Financial lawyer sees company of 40 to 50 employees

[caption id="attachment_28711" align="alignleft" width="288" caption="Forensics Group founder Kris Haworth is an international computer forensics expert."][/caption]

PETALUMA – An international computer detection expert has launched her own company in Petaluma and intends to grow it into a 30- to 40-employee operation.

The Forensics Group founder Kris Haworth is an attorney who has advanced the legality and science of computer forensics in cases spanning the globe.

With a client list of U.S. law firms, courts and corporations, she’s set up shop in Sonoma County’s second-largest city.

“I’m ready for the autonomy of my own company, and I fell in love with Petaluma – the downtown vibe, the theater district, the central North Bay location,” said Ms. Haworth, who lives with her husband in Tiburon.

A background in financial law – including work for Deloitte Touche and Arthur Andersen – led to her career in sleuthing. Ms. Haworth is frequently called in to sift through computer files looking for evidence of intellectual property theft, international bribery and all sorts of corporate malfeasance.

“I look at financial records, but about 90 percent of the evidence I find is in e-mails. It’s amazing what people will put into e-mail without ever thinking it’ll show up,” she said.

The Forensics Group offers seminars to address electronic discovery issues of both law firms and corporations, including what can and can’t be found on a hard drive, means of data collections and use of data as legal evidence.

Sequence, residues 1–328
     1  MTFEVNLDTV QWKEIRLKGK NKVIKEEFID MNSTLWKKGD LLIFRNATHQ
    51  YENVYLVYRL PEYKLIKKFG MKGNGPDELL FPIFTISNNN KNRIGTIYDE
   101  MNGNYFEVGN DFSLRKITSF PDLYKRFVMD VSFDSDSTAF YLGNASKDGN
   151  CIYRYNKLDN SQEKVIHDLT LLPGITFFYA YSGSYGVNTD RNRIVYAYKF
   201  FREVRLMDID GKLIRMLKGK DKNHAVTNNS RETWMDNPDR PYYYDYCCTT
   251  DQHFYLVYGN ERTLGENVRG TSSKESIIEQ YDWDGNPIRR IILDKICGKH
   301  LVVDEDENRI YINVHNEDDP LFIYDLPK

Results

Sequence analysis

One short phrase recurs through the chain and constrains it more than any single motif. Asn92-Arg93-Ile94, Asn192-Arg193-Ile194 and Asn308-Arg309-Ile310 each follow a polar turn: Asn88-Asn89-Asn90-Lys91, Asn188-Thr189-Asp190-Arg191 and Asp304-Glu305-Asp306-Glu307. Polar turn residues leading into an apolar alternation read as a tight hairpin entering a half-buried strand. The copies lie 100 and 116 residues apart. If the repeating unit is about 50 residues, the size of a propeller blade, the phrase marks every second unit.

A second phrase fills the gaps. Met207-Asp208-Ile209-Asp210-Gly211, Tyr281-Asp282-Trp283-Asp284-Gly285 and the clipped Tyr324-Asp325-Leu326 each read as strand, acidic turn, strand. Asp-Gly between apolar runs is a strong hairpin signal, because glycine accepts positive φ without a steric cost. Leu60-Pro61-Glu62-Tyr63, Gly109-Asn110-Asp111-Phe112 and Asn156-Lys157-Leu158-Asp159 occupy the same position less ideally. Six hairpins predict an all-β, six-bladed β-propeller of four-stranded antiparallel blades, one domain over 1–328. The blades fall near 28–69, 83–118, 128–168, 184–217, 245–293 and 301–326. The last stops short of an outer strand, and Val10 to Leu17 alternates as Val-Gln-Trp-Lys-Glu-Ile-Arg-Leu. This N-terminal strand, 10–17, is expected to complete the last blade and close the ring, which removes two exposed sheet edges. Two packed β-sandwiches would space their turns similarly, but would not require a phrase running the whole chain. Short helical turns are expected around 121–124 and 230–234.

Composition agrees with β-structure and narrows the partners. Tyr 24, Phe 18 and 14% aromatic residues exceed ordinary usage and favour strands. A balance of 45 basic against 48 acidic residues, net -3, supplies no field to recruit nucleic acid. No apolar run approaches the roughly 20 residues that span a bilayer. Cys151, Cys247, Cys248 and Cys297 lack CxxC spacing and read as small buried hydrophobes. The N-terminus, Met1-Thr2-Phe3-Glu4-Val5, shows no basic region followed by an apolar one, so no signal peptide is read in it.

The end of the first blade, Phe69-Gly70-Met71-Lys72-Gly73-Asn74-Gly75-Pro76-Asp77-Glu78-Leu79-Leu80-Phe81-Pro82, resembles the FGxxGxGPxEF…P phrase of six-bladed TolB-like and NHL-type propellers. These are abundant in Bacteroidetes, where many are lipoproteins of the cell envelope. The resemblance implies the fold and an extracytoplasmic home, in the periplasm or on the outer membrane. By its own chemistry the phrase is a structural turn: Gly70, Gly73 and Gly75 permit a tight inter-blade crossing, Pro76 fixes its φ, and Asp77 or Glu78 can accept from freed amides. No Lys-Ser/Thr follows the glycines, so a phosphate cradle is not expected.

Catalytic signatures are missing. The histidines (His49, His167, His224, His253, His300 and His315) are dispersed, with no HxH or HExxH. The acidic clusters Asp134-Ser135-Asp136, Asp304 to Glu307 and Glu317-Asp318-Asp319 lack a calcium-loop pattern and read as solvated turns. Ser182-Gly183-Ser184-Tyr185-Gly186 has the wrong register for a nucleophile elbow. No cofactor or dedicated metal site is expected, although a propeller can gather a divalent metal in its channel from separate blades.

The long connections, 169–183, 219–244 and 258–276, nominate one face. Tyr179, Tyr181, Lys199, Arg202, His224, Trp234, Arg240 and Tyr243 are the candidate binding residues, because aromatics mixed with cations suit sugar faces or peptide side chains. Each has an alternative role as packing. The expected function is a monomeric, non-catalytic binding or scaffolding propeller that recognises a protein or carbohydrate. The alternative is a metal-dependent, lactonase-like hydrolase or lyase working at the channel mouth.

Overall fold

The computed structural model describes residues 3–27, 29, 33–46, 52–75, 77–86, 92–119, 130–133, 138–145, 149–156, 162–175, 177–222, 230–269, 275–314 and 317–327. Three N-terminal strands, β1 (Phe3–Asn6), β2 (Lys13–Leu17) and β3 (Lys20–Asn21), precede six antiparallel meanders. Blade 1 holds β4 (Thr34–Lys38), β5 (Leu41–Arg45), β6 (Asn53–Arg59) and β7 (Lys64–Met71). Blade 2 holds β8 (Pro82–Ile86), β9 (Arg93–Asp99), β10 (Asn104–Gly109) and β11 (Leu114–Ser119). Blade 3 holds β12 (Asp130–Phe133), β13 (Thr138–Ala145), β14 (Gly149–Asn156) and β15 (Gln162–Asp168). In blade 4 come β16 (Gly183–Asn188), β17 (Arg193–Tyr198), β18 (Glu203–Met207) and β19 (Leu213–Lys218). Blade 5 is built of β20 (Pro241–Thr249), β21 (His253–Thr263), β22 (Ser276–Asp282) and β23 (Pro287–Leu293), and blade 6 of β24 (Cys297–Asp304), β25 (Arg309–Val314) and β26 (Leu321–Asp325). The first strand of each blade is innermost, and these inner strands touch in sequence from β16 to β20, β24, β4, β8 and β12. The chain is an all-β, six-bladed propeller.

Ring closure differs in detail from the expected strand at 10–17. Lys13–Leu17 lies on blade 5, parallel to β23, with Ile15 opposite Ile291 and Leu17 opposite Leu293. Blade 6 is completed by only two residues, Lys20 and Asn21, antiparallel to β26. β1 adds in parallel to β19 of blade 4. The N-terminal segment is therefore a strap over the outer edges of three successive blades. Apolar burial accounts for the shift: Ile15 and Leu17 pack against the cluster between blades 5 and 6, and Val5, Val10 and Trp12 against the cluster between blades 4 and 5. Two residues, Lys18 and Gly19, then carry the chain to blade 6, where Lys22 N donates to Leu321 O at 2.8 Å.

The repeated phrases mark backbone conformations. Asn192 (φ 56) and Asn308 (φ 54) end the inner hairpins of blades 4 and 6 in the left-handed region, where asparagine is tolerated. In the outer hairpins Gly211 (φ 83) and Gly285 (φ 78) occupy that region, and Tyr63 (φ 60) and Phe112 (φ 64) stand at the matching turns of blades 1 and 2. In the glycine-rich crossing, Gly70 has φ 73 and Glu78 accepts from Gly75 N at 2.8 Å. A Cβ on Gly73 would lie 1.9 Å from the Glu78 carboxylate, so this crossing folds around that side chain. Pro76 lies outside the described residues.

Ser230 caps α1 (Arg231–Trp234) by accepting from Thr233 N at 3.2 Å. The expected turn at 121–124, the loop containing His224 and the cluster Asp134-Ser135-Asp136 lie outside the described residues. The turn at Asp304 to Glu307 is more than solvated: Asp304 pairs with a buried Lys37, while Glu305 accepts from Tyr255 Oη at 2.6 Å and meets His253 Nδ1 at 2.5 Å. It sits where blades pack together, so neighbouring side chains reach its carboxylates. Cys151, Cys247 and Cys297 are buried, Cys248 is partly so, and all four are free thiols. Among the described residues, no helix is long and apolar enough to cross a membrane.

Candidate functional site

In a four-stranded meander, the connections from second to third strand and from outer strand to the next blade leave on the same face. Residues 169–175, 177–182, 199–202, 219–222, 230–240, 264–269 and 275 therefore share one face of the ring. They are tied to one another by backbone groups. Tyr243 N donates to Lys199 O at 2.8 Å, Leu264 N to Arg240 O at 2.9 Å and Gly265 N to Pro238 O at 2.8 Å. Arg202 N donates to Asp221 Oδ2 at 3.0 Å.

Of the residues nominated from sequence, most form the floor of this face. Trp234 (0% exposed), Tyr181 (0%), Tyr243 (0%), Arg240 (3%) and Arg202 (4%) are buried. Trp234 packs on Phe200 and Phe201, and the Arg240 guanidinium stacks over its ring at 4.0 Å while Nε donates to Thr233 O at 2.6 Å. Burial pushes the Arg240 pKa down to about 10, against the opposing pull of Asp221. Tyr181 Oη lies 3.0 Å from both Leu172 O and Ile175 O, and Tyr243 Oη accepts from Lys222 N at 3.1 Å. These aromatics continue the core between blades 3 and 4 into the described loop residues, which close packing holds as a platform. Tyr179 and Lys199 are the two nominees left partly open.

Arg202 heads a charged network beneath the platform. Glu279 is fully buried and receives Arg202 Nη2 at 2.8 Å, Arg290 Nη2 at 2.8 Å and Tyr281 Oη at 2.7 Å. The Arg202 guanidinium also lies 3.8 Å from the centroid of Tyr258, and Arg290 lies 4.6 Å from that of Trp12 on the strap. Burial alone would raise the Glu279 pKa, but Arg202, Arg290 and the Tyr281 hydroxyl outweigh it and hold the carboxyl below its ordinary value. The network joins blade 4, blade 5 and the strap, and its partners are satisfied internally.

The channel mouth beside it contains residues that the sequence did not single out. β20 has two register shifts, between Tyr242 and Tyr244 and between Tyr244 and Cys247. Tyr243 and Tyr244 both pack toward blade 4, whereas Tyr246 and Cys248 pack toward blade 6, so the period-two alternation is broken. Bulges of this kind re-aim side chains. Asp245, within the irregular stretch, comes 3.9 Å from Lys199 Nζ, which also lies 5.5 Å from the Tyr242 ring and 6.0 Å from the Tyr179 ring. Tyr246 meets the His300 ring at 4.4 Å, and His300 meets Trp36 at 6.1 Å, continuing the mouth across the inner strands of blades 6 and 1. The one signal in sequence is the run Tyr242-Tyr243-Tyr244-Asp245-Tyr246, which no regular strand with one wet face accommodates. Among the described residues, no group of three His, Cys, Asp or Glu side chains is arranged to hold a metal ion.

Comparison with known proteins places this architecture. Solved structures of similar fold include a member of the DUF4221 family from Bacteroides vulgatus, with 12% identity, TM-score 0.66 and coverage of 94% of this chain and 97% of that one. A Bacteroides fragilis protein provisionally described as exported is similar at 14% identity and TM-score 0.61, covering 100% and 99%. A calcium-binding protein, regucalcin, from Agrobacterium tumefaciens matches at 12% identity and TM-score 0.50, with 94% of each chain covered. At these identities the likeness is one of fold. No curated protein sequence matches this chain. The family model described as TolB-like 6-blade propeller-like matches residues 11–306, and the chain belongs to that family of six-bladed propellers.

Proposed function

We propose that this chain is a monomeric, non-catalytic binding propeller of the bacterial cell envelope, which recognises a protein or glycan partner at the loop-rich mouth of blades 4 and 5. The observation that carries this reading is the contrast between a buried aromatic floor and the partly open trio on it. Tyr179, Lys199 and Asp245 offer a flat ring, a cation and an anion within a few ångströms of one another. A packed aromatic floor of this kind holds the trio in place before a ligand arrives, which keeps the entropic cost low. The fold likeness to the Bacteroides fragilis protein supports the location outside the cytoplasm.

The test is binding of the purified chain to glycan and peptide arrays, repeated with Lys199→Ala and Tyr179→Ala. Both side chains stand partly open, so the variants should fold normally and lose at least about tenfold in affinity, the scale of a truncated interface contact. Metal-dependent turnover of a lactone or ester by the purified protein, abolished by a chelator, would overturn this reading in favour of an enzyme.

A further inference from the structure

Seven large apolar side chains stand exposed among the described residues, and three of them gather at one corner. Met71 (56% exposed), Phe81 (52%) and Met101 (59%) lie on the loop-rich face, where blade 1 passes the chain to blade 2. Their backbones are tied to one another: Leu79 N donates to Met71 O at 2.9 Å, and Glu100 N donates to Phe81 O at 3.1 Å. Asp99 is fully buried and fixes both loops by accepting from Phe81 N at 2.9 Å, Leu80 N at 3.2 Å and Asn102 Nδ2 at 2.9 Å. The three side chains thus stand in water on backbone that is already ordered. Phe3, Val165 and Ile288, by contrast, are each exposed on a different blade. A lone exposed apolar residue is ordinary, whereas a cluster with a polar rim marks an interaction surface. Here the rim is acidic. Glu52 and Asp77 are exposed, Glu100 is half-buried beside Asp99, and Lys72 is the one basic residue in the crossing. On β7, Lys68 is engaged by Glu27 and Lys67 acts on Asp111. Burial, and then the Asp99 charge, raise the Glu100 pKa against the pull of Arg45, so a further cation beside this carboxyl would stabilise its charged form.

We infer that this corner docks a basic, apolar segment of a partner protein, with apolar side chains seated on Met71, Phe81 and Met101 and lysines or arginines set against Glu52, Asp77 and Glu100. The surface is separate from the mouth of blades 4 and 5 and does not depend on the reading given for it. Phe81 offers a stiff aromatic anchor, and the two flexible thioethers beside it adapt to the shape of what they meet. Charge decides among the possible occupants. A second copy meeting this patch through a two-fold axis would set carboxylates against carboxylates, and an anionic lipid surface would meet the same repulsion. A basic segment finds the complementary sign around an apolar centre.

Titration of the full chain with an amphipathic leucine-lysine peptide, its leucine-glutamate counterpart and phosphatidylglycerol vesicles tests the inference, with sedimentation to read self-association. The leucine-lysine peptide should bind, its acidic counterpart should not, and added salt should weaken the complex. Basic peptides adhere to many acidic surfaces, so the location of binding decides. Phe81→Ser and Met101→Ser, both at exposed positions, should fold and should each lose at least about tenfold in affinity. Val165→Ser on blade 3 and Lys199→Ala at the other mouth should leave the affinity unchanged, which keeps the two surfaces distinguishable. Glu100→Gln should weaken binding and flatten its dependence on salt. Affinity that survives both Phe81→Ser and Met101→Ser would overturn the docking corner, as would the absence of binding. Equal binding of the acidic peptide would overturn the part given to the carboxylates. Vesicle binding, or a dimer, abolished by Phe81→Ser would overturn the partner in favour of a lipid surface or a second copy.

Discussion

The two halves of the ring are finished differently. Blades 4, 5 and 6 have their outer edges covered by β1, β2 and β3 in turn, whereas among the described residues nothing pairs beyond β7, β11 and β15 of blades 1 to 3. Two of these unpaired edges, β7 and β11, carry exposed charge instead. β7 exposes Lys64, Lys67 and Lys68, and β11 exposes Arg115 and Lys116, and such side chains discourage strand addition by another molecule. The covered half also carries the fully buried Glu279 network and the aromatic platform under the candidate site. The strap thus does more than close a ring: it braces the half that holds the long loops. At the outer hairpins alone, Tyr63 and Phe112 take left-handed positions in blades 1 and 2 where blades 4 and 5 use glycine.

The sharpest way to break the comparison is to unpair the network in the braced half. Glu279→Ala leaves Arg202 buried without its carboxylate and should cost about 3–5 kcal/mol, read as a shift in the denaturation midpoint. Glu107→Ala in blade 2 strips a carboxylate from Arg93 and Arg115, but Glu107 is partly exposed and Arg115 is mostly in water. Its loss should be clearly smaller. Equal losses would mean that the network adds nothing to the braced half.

In her active practice she works with a network of about 100 partners to support her activities in various U.S. and foreign locales.

Ms. Haworth has been involved in several ground-breaking cases, including one against Playgirl Magazine that was significant in establishing computer searches as legitimate means of evidence gathering

“Some of those cases are only really interesting to lawyers,” she said. But there have been sensational cases as well. Searching the computers of Marjorie Knoller and her husband, Robert Noel, whose dogs mauled a San Francisco woman to death in 2001, turned up corroborating evidence of the couple’s connection with a Pelican Bay inmate.

A lot of Ms. Haworth’s work stems from the Foreign Corrupt Practices Act, which is meant to prevent U.S.-registered corporations and U.S. citizens from engaging in bribery abroad.

“That means I travel frequently to the Middle East, where oil production draws U.S. companies and where bribery is a way of doing business,” she said.

Working on her own or with a small team Ms. Haworth was earning revenues of between $1 million and $2 million a year. She expects those revenues to grow as she expands the work force of the Forensics Group.

The startup has been approached by investors.

“The type of investment we take in is largely dependent on the way we determine to grow the company,” she said.

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